Advances in battery storage capacity key to growth in renewable energy in SA
Share this article:
Solar and wind already provide twice as much power to the South African power grid as nuclear, says independent power producer Scatec GM Jan Fourie.
He said in a statement that swift progress was expected towards realising the government’s Integrated Resource Plan (IRP) target of 25 percent of total energy supply to come from renewables by 2030.
Fourie said that last year, South Africans experienced intensive load shedding, amounting to 856 hours, almost 10 percent of available hours. The country’ overall capacity to produce energy has plummeted nearly 10 percent over a decade, and there are predictions of a shortfall of up to 6 000 megawatts over the next five years.
He said the government’s progressive stance towards renewables, as outlined in the IRP, committed the country to a shift away from coal towards renewables, and the urgency for cleaner power generation had been a catalyst for the rise in the uptake of renewables and advances in battery storage technology.
“Renewables in SA are now more cost-effective and quicker to establish than ever before - and with no shortage of state support, have engendered a fertile and attractive investment landscape,” he said.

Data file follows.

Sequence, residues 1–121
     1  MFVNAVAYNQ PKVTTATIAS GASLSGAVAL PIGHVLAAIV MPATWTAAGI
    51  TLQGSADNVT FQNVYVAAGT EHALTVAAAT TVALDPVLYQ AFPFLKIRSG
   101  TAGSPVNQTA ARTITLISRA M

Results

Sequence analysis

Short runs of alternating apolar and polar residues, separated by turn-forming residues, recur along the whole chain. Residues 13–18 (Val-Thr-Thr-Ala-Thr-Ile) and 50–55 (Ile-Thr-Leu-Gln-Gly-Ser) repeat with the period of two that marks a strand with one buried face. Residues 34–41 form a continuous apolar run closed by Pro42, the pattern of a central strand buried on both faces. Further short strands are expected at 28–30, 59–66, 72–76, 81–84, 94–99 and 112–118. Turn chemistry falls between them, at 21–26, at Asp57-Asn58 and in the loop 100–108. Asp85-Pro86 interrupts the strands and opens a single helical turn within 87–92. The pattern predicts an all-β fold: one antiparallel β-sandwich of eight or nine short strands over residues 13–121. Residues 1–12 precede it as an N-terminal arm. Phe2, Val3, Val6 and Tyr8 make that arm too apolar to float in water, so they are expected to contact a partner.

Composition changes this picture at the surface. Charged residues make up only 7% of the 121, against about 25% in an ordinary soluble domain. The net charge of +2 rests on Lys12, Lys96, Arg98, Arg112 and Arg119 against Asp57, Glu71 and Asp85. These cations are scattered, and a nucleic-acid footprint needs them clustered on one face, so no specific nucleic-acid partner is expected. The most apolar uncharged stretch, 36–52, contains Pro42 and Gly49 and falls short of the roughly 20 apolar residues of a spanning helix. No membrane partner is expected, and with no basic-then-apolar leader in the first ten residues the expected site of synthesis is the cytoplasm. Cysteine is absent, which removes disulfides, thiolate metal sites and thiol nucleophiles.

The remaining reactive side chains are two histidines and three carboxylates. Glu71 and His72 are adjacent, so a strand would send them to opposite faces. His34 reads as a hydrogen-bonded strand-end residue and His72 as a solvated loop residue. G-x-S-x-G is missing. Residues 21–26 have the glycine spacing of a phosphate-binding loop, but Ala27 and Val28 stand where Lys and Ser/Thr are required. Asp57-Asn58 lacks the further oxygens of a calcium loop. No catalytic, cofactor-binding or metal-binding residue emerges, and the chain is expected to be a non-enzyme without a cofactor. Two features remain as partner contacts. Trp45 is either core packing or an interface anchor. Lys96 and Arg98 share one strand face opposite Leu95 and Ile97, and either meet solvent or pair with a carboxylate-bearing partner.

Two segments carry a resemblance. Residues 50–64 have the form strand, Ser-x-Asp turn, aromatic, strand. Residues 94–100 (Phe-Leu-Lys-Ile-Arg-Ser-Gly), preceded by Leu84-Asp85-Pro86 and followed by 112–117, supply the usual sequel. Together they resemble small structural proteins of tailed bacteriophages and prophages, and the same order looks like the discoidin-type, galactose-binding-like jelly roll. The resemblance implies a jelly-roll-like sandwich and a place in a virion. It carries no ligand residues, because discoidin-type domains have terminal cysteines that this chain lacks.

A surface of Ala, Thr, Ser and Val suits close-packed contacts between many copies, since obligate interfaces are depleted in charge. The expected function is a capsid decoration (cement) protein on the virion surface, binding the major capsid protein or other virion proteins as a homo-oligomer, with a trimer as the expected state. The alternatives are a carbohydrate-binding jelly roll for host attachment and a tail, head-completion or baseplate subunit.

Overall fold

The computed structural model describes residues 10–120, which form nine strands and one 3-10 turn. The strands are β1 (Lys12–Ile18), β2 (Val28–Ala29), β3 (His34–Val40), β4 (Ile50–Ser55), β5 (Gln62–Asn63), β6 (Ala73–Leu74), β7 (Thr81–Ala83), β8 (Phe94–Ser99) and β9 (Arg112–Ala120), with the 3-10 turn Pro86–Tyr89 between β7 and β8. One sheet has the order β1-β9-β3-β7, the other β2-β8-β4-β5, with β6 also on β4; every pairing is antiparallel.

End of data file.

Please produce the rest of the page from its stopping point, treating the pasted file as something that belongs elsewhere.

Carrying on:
Fourie said because power generation needed to be balanced with demand within the grid in real time, the Department of Mineral Resources and Energy had insisted all new energy produced had to be fully dispatchable, at the request of grid operators, to meet market needs when and where they may arise.
“While renewable energy has not been dispatchable until now, exciting new developments in batteries and power storage have now enabled dispatchable power from renewable sources in efficient, cost-effective ways,” he said.
He said Scatec’s project to supply 150 megawatts via three solar arrays in the Northern Cape was an example of this. Around one million individual solar panels, set across a 10km-wide site, would be co-located with storage facilities utilising lithium ion battery technology, which allowed such facilities to achieve a favourable ratio of charge and voltage storage relative to volume and space requirements.